Skippers (family Hesperiidae) are drab-colored, moth-like butterflies that are distinguished by the hook at the end of their antennae (instead of a club, like other butterflies have). These antennae are also farther apart at the base than other butterflies. There are about 2,000 different species of Skippers. They fly in a darting fashion (hence their name) and hold their wings in a moth-like fashion when at rest. The Australian Skipper also has a humeral lobe (a frenulum-like projection on its hind wing which holds the fore wings and hind wings together during flight).
T. rex skull
SKULL

The skull is the bony structure of the head in some animals that encloses the brain and supports the jaws.

SLASH-AND-BURN FARMING

Slash-and-burn farming is a destructive type of agriculture in which the farmer burns down a new portion of the rainforest every few years in order to cultivate a crop.


SLOTH

The sloth is a slow-moving mammal that lives in trees. Sloths spend most of their lives hanging upside-down from tree branches; they eat, sleep, mate, and give birth upside-down in the trees. They hold onto tree branches with strong, curved claws that are on each of their four feet. These plant-eaters are more active at night; they eat leaves, tender young shoots, and fruit. Sloths have a thick brown (and slightly-greenish) fur coat and are about the size of a cat (roughly 2 feet = 61 cm long). Their coloration and their slow actions make them almost disappear in the forest canopy. Some sloths have colonies of green algae encrusting their fur, both adding to the camouflage effect and providing some nutrients to the sloths, who lick the algae. These mostly-quiet mammals live in the tropical rainforests of South and Central America. Sloths may live 10-20 years in the wild. Sloths are hunted by jaguars, eagles, and man. Classification: Class Mammalia, Order Xenarthra, Family Bradypodidae and Megalonychidae.


SLUG

The slug is an invertebrate animal that lives in moist areas.

SMALL-EARED ZORRO

The small-eared zorro is a dog-like fox from South American rainforests.


SNAKE

A snake is a reptile with no legs. It has skin with scales. There are many snakes in rainforests.

SOLAR RADIATION

Solar radiation is the heat and light that comes from the sun.


SPECTACLED CAIMAN

The Spectacled Caiman is a common meat-eating reptile from fresh water habitats in South and Central America.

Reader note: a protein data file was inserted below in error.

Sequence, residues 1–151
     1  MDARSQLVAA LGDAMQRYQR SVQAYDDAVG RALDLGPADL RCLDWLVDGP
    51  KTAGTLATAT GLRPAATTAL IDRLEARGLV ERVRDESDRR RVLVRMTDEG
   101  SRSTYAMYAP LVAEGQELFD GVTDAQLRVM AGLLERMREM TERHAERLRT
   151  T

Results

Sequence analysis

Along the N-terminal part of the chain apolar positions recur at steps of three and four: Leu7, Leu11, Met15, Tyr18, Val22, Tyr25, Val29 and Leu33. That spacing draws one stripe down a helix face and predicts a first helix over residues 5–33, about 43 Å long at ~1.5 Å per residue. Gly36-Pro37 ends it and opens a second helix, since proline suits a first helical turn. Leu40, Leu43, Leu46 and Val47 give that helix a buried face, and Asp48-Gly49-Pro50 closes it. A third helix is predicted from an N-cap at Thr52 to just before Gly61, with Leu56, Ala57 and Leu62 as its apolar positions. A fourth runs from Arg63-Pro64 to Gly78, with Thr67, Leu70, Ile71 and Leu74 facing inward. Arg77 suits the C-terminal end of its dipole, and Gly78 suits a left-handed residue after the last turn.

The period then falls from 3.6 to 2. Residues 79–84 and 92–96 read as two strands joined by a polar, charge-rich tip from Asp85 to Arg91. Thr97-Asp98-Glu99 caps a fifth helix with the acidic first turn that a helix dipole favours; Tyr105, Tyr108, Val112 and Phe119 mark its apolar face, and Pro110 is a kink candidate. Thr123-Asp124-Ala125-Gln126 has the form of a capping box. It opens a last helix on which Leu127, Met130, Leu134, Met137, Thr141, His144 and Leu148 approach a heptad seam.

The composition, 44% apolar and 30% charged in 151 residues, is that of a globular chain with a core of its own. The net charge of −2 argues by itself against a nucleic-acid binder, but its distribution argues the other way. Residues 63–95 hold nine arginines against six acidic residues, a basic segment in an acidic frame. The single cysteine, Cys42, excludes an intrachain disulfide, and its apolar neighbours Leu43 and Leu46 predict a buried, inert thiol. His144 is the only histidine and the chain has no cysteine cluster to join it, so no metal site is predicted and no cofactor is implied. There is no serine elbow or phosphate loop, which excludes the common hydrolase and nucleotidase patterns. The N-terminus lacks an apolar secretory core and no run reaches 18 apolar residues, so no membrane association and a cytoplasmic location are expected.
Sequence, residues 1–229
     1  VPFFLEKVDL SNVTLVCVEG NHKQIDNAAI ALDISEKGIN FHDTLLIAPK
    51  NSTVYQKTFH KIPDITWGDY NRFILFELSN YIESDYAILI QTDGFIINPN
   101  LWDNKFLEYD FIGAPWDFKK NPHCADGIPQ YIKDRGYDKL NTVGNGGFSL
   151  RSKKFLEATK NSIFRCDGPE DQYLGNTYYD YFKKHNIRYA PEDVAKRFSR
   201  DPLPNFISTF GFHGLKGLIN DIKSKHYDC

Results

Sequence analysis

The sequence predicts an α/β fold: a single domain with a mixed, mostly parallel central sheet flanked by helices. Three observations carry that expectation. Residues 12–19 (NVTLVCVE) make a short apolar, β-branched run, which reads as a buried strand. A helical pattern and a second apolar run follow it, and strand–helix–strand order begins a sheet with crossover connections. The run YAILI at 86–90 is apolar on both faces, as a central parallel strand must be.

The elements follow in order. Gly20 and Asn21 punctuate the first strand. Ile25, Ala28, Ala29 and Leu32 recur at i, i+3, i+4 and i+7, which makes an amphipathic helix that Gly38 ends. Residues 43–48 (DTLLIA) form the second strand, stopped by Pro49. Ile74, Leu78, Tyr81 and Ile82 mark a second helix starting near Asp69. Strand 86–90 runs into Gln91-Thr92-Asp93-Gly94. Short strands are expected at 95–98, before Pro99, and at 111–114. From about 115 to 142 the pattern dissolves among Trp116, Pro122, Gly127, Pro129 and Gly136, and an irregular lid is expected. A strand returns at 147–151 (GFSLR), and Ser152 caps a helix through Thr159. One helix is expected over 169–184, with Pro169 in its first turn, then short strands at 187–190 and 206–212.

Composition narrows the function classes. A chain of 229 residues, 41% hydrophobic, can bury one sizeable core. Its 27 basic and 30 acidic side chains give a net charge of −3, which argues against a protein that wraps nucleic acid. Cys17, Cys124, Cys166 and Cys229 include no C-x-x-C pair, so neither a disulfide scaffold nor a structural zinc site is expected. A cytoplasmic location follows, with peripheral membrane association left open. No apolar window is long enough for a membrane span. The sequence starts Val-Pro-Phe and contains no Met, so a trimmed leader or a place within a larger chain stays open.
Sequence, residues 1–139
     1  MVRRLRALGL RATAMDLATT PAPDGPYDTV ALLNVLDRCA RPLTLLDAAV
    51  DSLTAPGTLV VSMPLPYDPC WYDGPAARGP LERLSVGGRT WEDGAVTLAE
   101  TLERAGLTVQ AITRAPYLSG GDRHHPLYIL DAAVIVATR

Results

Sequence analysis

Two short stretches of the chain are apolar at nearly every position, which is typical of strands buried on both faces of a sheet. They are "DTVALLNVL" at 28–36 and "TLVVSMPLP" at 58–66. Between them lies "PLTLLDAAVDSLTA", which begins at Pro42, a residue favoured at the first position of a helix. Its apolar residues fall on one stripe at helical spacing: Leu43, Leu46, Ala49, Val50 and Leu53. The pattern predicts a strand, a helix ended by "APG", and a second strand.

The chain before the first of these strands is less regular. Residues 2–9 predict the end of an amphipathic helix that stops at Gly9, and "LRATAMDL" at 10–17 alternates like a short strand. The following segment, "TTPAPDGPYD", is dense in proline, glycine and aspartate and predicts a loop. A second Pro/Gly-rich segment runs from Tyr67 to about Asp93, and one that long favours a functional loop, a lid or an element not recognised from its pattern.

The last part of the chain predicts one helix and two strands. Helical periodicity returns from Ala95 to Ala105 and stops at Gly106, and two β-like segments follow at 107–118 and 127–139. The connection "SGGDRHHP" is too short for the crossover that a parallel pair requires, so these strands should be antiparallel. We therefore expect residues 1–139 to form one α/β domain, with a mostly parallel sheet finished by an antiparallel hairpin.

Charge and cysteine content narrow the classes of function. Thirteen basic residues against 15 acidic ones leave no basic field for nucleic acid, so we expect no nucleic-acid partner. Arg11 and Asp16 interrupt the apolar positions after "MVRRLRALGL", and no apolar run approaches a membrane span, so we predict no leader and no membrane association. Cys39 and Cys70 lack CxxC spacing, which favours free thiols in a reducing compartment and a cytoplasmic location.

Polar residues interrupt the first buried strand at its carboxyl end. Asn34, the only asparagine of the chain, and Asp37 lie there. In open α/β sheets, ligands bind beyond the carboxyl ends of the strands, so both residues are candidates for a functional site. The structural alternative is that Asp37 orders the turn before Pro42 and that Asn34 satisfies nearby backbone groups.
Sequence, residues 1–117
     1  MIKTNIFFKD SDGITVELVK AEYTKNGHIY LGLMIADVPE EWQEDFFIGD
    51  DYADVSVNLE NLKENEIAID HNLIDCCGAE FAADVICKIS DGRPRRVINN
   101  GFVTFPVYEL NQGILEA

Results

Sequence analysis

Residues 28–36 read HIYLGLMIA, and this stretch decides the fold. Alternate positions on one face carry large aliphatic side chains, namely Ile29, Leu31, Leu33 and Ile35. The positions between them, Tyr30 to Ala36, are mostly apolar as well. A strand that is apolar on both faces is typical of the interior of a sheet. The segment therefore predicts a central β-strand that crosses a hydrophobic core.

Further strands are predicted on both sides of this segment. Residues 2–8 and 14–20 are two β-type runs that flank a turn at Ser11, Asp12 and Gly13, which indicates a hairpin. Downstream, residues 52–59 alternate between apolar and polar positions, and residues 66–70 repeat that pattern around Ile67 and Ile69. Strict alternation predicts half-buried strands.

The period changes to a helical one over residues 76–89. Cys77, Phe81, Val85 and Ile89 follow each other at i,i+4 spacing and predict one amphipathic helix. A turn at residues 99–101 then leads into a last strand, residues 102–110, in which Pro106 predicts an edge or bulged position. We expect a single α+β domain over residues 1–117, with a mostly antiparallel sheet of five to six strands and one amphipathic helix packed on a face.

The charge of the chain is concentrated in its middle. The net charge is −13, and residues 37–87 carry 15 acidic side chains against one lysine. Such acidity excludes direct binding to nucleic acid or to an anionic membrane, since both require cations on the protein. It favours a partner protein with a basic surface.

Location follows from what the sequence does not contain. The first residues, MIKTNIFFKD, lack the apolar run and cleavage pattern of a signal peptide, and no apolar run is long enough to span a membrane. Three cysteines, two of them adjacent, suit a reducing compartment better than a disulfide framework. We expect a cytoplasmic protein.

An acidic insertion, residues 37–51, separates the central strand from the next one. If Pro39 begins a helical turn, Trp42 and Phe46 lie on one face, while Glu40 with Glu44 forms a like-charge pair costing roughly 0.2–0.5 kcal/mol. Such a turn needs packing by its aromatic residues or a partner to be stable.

SPIDER

Spiders have eight legs.

SPINNERET

A spinneret is a tube-like structure on a larva's head that contains the spinning apparatus of the larva (caterpillar). The caterpillar draws silk (which is made in the salivary glands) from a tube in the spinneret. The silk dries when exposed to the air. Caterpillars use this silk to support themselves and to make webs and cocoons.

SPIRACLE

A spiracle is one of an insect's breathing pores. They are usually located on the thorax and abdomen.

STAGE

A stage is one of the distinct periods of an insect's life cycle. Butterflies and moths have four life stages, including egg, larva, pupa, and adult.

STEMMA

A stemma (pl. stemmata) is a simple eye in some insect larvae. It is also called a lateral ocellus.

STOMA

Stomata are pores (or openings) in plants' leaves. A stoma can open and close, controlling the loss of water from the plant.

STRANGLER

A strangler is a vine that grows parasitically in a tree, eventually killing the tree (the host).

STRATA

The strata (singular=stratum) are the different layers of a rainforest. Different animals and plants live in different parts of the rainforest. Scientists divide the rainforest into strata (zones) based on the living environment. Starting at the top, the strata are: emergents, canopy, understory, and forest floor.

SUCKER ROOT

A sucker root is a root that emerges from the ground and sends up a shoot which supports the plant.


SUGAR GLIDER

This small marsupial (also known as the lesser flying phalanger) glides from tree to tree in Australia and nearby islands.

SUSTAINABLE USE

Sustainable use is the judicious use of natural resources without destroying them.
tiger swallowtail

SWALLOWTAIL BUTTERFLY

Swallowtail butterflies (family Papilionidae) are strong fliers with three fully developed pairs of legs. Many swallowtails have distinctive tailed wings (hence the family name). They lay spherical eggs. These butterflies are found from the tropics to more temperate regions.

SYMBIOSIS

Symbiosis is a situation in which two dissimilar organisms live together. There are many types of symbiosis, including mutualism (in which both organisms benefit), commensalism (in which one organism benefits and the other is not affected), or parasitism (in which one organism benefits at the other organism's expense). Symbiosis used to be defined as a situation in which two dissimilar organisms live together to the benefit of both - this is now called mutualism. The word symbiosis means "living together"" in Greek.

SYNAPSID

Synapsids are animals that are distinguished by having a skull with an extra low opening behind the eyes; this opening gave these animals stronger jaw muscles and jaws (the jaw muscles were anchored to the skull opening). Synapsids include the mammals, and extinct animals such as Dimetrodon. The pelycosaurs were early synapsids; later synapsids were the therapsids, cynodonts and dicynodonts (from the late Permian), leading to the mammals. With time, the synapsid gait became more upright and tail length decreased.

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Rainforest Glossary
A B C D E F G H I J K L M N O P Q R S T U V W X Y Z

Click on an underlined word for more information on that subject.
If the rainforest term you are looking for is not in the dictionary, please e-mail us.